National Geographic Asteroid Belt space pictures this week volcanic vortices and asteroid Geographic National Asteroid Belt
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A little interesting about space life.
The moon's internal geological structure is very strange and unique. It has vast areas of hollow underground caves. This is because the moon passed through boiling and molten states before it cooled down to its stable present day temperature. Some caves are miles and miles in length and breath. These caves exist at varying depths below the moon's surface. Almost all the caves are internally connected to each other and it is possible to trace many paths through interconnected caves to fully 'circumnavigate' the moon without ever stepping out on to its outer surface. The tops of the caves that form the crust of the moon's surface are supported on massive vertical rock pillars that rise out of the bottom surface. These vertical support structures are very hard and rocklike and naturally contoured in shell like formations endowing them with heavy load bearing capabilities. To visualize the interior of these caves a comparable earth structure would be the NFL football domes. They would compare in size with some of the smaller caves but none of the caves in the moon are formed in a particular shape, pattern, length, breadth or height, and are quite irregular in shape. Surface terrain is also to a large extent irregular and variable.
and here is another
Last night there was a full moon. One of my dogs was very on edge, starting at every sound, staring out into the darkness at something I could neither hear nor see. The other 4 dogs were sound asleep. Did she sense something different about the moonlit night?
The Waving Flag. According to this argument, frequently cited by the people who think that the moon landings were nothing more but a hoax, is that the star-spangled banner of the United States of America seemed to wave and flutter as Neil Armstrong planted it to the ground. This wouldn't have been much of an issue except for the fact that there is virtually no atmosphere on the moon, and therefore no wind whatsoever to have such an effect on any flag.
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The Cassini-Huygens mission is a collaborative NASA/European Space Agency/Italian Space Agency robotic spacecraft that is observing the Saturn system. The spacecraft was initially constructed to sport two components: One is the European Space Agency-designed Huygens Probe named in honor of the Dutch mathematician and astronomer Christiaan Huygens (1629-1695), who discovered Titan. Huygens also studied the rings of Saturn. The second component, the NASA-designed Cassini Orbiter, was named for the Italian-French astronomer Giovanni Dominico Cassini (1625-1712) who discovered four of Saturn's other moons. After a long, difficult journey through interplanetary space, that took it from Earth to Saturn, Cassini-Huygens finally reached the realm of the ringed planet on July 1, 2004. On December 25, 2004, the Huygens Probe was deliberately severed from the Cassini Orbiter, and began its descent down to the long-veiled and hidden surface of Titan--sending back, to waiting astronomers on Earth, an abundance of valuable information about the mysterious moon-world. Titan, at last, had its hidden face unveiled--revealing its well-kept secrets. The mission will continue until 2017.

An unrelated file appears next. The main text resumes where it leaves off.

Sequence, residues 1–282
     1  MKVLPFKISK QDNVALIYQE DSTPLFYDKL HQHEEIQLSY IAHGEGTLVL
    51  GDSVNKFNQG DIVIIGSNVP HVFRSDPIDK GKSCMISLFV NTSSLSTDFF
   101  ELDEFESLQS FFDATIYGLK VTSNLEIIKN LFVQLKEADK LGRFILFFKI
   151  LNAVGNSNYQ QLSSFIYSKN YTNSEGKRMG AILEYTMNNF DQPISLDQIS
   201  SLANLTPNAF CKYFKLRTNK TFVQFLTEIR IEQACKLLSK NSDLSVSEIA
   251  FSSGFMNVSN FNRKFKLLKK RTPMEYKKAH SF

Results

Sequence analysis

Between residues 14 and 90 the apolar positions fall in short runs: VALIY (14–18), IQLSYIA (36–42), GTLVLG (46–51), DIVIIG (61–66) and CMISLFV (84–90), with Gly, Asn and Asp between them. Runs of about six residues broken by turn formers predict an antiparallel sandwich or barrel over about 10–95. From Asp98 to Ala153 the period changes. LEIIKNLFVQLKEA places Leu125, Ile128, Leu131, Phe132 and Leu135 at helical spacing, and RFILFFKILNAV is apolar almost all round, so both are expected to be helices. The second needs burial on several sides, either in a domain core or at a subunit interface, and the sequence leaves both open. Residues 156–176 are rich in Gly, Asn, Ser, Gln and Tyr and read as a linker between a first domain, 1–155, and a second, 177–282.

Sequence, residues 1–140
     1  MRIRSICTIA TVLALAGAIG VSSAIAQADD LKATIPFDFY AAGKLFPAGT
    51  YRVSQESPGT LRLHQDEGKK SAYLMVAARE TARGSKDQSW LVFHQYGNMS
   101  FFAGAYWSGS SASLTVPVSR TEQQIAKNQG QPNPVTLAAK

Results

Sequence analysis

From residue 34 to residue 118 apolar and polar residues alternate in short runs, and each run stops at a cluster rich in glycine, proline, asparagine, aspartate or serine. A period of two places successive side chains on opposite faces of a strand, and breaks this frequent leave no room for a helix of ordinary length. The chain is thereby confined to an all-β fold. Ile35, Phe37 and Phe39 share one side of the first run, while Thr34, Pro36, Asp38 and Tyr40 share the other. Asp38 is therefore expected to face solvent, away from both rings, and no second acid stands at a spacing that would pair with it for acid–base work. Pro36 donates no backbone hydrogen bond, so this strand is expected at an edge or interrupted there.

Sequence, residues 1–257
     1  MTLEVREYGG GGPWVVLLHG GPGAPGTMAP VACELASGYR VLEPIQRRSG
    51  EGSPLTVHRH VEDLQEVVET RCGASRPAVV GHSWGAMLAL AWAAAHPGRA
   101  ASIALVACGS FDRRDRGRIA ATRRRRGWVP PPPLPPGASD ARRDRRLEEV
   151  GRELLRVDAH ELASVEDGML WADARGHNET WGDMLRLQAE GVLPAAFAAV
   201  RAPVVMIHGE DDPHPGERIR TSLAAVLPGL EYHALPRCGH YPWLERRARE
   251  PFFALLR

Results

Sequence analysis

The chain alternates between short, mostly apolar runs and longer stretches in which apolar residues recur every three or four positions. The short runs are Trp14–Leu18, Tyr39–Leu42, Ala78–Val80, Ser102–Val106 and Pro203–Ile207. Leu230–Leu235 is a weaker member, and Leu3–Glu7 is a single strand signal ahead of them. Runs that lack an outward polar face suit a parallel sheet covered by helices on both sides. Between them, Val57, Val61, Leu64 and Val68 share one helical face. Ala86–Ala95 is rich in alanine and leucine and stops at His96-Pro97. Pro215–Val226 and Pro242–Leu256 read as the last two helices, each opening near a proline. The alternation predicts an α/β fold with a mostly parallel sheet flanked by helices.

Over the passage of billions of years, this ceaseless rain of falling objects have pulverized the lunar surface, creating fragments ranging in size from a fine powder to enormous, heavy boulders. Almost the entire lunar surface is literally blanketed by a pile of ground up rubble composed of charcoal gray, powdery dust and rocky debris collectively termed the lunar regolith. Beneath the regolith there is a region composed of shattered bedrock that is called the megaregolith.
The more widely accepted theory that the planets and regular moons formed together from the same swirling cloud of gas and dust, works well as an explanation for the larger moons of our Solar System, such as the four Galilean moons--Io, Europa, Ganymede, and Callisto--orbiting the giant planet Jupiter. However, the multitude of smaller moons, swarming around the giant planets, "have so far been considered a by-product," Dr. Crida commented in the November 29, 2012 Scientific American.